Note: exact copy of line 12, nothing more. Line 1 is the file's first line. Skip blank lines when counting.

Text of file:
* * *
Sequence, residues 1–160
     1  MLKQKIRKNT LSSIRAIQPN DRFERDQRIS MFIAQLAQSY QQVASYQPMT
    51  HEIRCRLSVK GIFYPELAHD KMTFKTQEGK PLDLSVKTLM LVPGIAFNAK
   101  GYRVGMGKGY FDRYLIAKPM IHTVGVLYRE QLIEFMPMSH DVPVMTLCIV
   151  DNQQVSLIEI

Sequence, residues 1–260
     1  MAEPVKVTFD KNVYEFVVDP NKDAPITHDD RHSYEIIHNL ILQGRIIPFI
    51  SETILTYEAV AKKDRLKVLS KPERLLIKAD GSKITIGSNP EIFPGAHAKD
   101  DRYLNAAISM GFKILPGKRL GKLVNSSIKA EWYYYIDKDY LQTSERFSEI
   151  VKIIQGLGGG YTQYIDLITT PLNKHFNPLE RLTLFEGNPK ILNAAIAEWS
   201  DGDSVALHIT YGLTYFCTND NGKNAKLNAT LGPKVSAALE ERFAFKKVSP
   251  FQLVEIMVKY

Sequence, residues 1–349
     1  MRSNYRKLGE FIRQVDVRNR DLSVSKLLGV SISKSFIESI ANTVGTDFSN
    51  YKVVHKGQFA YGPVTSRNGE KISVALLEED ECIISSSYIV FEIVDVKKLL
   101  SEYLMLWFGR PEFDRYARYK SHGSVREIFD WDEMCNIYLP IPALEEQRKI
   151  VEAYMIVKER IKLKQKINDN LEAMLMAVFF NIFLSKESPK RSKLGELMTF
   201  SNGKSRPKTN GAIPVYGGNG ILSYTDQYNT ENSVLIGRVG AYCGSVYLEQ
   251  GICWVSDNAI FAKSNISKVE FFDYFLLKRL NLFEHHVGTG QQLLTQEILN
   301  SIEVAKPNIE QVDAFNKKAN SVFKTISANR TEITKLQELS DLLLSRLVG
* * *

   251  FQLVEIMVKY